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    The last words, "growing old and ready to disappear" refer to that transitional phase when the Law of Moses disappeared (became "obsolete") to make room for the New Covenant of Christ. - What is this "transitional phase"? When did it begin and when did it end? Jun 12 at 3:17
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    @SpiritRealmInvestigator That is a good question. I suspect that since the N/T had not yet been delivered, there was a certain period of readjustment that had to take place. Part of this may have taken place between Christ's Resurrection and Pentecost: the inauguration of Christ's Kingdom. At least, that is one view.
    – Xeno
    Jun 12 at 3:19
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    Not one of the text you quoted talks about the law being abolished. In fact Jesus said that He had not come to abolish the law (Matt 5:17-19). So what do you mean by the "law of liberty"? The only place this phrase occurs are in Jame 1:25, 2:12 which is discussing keeping the law not abolishing it.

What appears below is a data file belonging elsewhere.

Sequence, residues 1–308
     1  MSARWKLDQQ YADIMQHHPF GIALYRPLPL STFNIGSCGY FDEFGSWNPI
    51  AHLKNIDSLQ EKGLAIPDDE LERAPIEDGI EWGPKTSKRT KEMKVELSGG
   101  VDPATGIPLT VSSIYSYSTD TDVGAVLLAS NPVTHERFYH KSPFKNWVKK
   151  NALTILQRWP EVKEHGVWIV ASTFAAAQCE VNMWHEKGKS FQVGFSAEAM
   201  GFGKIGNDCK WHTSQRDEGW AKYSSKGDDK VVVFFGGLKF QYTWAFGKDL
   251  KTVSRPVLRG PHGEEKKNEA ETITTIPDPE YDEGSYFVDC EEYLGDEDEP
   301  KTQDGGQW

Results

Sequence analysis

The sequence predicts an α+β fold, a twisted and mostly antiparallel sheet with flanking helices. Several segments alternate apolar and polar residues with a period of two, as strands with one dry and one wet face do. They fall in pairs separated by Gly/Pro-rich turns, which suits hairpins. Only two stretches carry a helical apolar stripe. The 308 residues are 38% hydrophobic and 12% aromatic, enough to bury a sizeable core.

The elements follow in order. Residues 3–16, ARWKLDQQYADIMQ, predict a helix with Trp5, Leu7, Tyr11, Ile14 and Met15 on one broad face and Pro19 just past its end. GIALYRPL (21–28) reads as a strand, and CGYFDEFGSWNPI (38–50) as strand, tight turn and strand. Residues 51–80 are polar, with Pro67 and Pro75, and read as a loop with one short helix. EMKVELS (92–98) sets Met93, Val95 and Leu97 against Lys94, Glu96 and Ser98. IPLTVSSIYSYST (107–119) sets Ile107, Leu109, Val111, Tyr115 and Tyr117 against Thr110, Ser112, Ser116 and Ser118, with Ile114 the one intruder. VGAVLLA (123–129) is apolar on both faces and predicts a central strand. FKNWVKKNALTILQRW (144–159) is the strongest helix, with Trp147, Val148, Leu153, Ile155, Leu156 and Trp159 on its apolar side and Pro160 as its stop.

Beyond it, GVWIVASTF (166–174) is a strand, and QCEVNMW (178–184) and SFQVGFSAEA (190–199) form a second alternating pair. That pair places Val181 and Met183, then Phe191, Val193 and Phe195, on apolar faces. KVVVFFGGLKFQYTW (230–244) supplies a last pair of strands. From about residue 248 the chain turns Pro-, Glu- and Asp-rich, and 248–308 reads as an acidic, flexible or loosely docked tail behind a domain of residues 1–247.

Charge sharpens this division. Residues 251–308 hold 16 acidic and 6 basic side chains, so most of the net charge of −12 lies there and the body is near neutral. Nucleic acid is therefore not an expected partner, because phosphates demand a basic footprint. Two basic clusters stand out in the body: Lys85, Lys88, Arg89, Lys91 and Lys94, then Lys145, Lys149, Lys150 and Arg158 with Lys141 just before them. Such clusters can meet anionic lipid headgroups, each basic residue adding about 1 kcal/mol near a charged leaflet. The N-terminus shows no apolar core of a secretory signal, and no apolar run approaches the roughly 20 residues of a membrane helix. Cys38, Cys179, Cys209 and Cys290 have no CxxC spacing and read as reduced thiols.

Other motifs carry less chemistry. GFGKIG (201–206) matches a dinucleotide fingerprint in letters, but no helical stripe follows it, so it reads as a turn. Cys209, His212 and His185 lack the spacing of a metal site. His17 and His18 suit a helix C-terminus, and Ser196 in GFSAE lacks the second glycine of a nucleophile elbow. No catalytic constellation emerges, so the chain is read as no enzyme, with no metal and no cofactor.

– Dottard
    Jun 12 at 3:54
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    My intent is never to injure; yet you didn't bother to respond the last I asked. This post wasn't focusing on the Law of Moses being "abolished"; thanks for bringing that to my attention. I'll correct if you wish. Naturally, the Law of Liberty is the Gospel. Perhaps you'll want to read Matt. 5? Are Christ's words merely suggestions? There, we learn, "You have heard it said" followed by "But I [now] tell you..." Is that inconsequential or do you have something else in mind? I'm genuinely perplexed both by the down-vote and your position on this subject. What is the Law of Christ to you?
    – Xeno
    Jun 12 at 6:04
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    @Xeno excellent answer. It should have never been down voted. I have found not too many people have the enlightened view of the grace of God, well done. I like to use 2 Corinthians 3 when talking about the OT being obsoleted by the NT. Paul uses the word "abolished" when talking the about the glory of the OT. Blows people's minds when that actually see the proper context.
    – alb
    Jun 17 at 16:26